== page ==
'And above al FIGHT!'.
Christopher Mason, of Broadway, Worcestershire, has two uncles to be proud of.
One is the famous film star James Mason, the other is James's brother Colin, one of the heroes of D-Day.
Christopher himself is the son of another brother, Rex, who is now 98.
The Mason family, of course, come from Huddersfield - the family home was in Croft House Lane at Marsh.
The first Examiner account of Colin's D-Day adventures - when he commanded a tank landing craft - was published not long after D-Day and was short and to the point.
Colin said: "We made a successful trip on D-Day and were among the first landing craft to touch down on the Normandy beaches.
"It was pretty hot in our section and snipers were busy, but we escaped without a scratch. On our second trip all went well until we were nearing the French coast when an explosion occurred.
"An escorting MTB (motor torpedo boat) came to our assistance and towed us for 20 minutes until the tow broke. This eased matters and we could make temporary repairs. Then we turned round, and with our bows well down, proceeded on our way. Since our ramp was damaged we had to discharge our cargo into a merchant ship. I was keen to get my craft back again."
The Examiner added: "Lieutenant Mason was in a landing craft which hit a mine at Salerno, and the practical lessons of damage control he learned then helped to save his craft this time."
Says Christopher: "With the benefit of hindsight and the original log and papers which my uncle kept until he died in December 1987, the report can be said to have been somewhat incomplete.
"It wasn't just that he was quite often a man of quiet understatement but also that he would, of course, have been in serious trouble had he disclosed how many men had been killed in his ship and that his ship was by then, at best, just a source of spare parts."
Christopher says: "To my knowledge, none of the crew of my uncle's ship, LCT 608 in the 41st LCT Flotilla, ever later had any special claim to fame or wrote an autobiography, but not far away from my uncle at that moment, in the same Force S Flotilla, was someone who later became a good friend of mine, the late Commander Rupert Curtis DSC RNVR, and he was carrying Lord Lovat with his famous commandos in a small LCI (a landing craft that carried 85 men).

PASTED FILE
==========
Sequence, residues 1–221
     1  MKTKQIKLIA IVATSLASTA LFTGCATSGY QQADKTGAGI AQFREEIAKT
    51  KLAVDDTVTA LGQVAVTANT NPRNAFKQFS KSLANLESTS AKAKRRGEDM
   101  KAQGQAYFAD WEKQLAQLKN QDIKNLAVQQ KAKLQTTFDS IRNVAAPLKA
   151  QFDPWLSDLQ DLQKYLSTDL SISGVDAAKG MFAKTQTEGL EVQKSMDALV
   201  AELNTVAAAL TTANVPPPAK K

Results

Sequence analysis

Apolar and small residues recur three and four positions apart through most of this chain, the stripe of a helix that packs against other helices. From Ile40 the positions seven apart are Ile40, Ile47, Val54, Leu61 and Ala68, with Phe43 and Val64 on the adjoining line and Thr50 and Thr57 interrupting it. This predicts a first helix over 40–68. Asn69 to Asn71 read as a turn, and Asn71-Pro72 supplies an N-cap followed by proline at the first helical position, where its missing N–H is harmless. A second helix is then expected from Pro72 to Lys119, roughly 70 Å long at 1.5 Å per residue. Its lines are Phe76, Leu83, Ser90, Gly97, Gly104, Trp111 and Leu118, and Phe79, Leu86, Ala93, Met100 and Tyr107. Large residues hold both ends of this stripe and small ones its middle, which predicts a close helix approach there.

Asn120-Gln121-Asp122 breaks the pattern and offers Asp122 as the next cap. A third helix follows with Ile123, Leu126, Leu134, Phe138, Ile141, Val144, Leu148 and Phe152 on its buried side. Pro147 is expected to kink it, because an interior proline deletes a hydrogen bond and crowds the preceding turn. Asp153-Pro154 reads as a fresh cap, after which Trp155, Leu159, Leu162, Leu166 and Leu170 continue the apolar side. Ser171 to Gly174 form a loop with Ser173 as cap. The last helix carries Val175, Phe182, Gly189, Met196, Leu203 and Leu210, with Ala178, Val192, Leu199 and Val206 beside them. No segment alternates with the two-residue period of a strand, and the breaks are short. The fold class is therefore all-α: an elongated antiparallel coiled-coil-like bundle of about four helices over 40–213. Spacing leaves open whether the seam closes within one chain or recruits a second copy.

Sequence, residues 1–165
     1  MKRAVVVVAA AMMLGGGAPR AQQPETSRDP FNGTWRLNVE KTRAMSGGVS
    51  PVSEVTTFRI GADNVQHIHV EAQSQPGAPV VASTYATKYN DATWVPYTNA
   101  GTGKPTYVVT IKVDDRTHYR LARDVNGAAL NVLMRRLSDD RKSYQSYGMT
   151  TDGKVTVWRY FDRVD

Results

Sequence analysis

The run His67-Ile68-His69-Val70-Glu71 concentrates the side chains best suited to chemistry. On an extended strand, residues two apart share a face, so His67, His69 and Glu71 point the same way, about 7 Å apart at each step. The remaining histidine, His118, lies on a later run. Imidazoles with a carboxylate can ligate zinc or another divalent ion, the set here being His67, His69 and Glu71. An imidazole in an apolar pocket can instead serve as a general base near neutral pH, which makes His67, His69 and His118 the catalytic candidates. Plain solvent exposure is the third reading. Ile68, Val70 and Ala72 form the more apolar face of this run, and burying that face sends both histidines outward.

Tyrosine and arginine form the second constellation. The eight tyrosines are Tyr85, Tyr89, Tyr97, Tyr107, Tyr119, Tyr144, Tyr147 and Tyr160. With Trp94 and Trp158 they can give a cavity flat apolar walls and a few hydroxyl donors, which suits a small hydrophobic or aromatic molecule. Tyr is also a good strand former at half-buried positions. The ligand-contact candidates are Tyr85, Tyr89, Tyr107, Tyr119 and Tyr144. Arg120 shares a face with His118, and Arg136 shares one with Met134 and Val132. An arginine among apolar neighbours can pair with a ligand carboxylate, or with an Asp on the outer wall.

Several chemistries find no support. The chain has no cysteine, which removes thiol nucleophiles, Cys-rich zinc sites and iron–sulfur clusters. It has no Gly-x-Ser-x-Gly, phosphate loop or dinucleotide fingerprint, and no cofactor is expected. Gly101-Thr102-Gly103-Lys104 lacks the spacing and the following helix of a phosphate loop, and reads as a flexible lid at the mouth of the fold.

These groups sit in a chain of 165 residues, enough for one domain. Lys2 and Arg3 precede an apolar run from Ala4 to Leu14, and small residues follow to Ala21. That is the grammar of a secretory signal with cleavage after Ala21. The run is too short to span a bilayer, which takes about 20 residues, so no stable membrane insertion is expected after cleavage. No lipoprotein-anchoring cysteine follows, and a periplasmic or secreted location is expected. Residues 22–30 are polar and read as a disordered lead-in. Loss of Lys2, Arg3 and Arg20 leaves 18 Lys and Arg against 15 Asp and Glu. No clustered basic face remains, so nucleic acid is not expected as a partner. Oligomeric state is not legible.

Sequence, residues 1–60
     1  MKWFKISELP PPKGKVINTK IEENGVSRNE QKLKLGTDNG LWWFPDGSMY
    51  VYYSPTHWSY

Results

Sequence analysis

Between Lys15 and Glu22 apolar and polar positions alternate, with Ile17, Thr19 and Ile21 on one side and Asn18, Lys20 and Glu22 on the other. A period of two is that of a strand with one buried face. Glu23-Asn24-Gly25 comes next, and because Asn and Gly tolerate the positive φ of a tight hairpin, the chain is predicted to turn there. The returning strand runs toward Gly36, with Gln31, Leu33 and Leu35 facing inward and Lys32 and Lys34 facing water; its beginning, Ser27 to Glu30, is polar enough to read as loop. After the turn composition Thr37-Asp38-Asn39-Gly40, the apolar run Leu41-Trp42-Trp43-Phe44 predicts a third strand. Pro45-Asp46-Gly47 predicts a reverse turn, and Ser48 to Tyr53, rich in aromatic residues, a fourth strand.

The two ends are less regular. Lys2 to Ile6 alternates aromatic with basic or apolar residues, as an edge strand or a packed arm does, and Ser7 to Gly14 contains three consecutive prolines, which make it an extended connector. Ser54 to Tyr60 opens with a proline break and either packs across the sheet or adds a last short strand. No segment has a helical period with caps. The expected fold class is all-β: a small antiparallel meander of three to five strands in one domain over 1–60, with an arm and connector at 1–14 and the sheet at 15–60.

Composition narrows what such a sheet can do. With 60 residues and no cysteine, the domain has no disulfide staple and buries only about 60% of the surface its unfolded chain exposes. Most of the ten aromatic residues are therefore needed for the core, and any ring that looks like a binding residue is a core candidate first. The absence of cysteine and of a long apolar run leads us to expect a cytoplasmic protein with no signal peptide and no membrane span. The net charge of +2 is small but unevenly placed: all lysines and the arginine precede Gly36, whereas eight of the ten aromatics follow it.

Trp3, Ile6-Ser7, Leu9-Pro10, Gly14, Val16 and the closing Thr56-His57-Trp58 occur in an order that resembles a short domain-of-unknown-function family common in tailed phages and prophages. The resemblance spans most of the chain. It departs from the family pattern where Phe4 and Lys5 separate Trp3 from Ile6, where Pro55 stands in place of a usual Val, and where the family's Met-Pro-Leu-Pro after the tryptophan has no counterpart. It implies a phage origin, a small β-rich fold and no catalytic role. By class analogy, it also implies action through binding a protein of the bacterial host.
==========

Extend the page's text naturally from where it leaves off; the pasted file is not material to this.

"The crew of my uncle's LCT had been hard at it for many days. D-Day was on a Tuesday and they had completed loading on the previous Saturday, June 3.
"Loading the soldiers or at least loading their equipment had not been easy. `Had considerable difficulty in embarking angle dozer and trailer' is noted by uncle in his log at 16.15 that day - the thought of unloading the same dozer on the beaches under fire cannot have been very comforting.
"They had expected to set off for Normandy on Sunday the fourth but at 10.15 a signal was received cancelling sailing for 24 hours.
At 06.30 the following day, Monday the fifth, the log reads `Call the hands' - this ended the last proper rest they were to have for several days. At 11.00 hours the long-awaited signal to sail was received. The wording was simply `Good luck: drive on'! Subsequent entries logged for Monday are bracketed as `Operation Neptune'."
The log pages for June 6, 1944 are headed "English Channel", with the weather recorded as "overcast until mid-day when sunny" and the events recorded in "matter of fact" style, including "09.15 M.L.(motor launch) blew up. Picked up survivors and transferred them to US launch. Lost dinghy" and 00.20 Dallied (leader presumed lost) at `E.A.3' Buoy."
In fact, LCT 608 passed the Nab Tower, nearly home, at 01.55 next morning.
Christopher notes the pressures can be seen from a leaflet from Rear Admiral A G Talbot which urges Force S to look after the Thirds British Infantry Division and finishes:
"And above all FIGHT;
FIGHT to help the Army;
FIGHT to help yourselves;
FIGHT to save the ship;
FIGHT to the very end."
The briefing documents assumed a greater destruction of coastal landmarks - photographed the previous month in May - than actually happened and stressed: "If you cannot see them it does not necessarily follow that you are in the wrong place."
For Lt Colin Mason RNVR it was the second day after D-Day that was to produce the most incident.
Christopher takes up the story. "By early morning of D+1, June 7, my uncle had returned to Portsmouth.
"Here he loaded soldiers of the RAF Regiment and their anti-aircraft guns, which took just over an hour. Despite his speedy loading and being ready to return to Normandy so early on the seventh, they had to wait for a further eight hours before they could set off with two other LCTs (979 and 1018) and eventually join the rest of a new convoy at 20.37 hours that evening.
"In spite of the initial success of the invasion, Le Havre, a principal German E-boat base, was still in enemy hands at that time and it was from there that the cause of the `explosion' mentioned in the Examiner came."
Extracts from Lt Mason's log read: "03.30 Bright flares and tracer periodically a few miles on port bow. Both guns closed up.
"04.15 A few shot landed on port bow. `Starboard Ten' 04.16 hit by torpedo in bow. LCT 981 came alongside and embarked all RAF passengers. Craft down badly forward. Three soldiers killed, about six wounded. Steering fouled by mooring wire. Electric gear not working. carried out damage control. 981 lay off after taking on troops.
"06.05 proceeded astern towed by 981. Steering clear. 06.50 tow parted. Proceeded full ahead together."
After unloading the cargo, they were ordered to beach for the night. On reaching home the ship was cannibalised for spare parts and Uncle Colin was given command of LCT 7068 which supplied the Americans on Utah beach.
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|Publication:||Huddersfield Daily Examiner (Huddersfield, England)|
|Date:||May 6, 2004|
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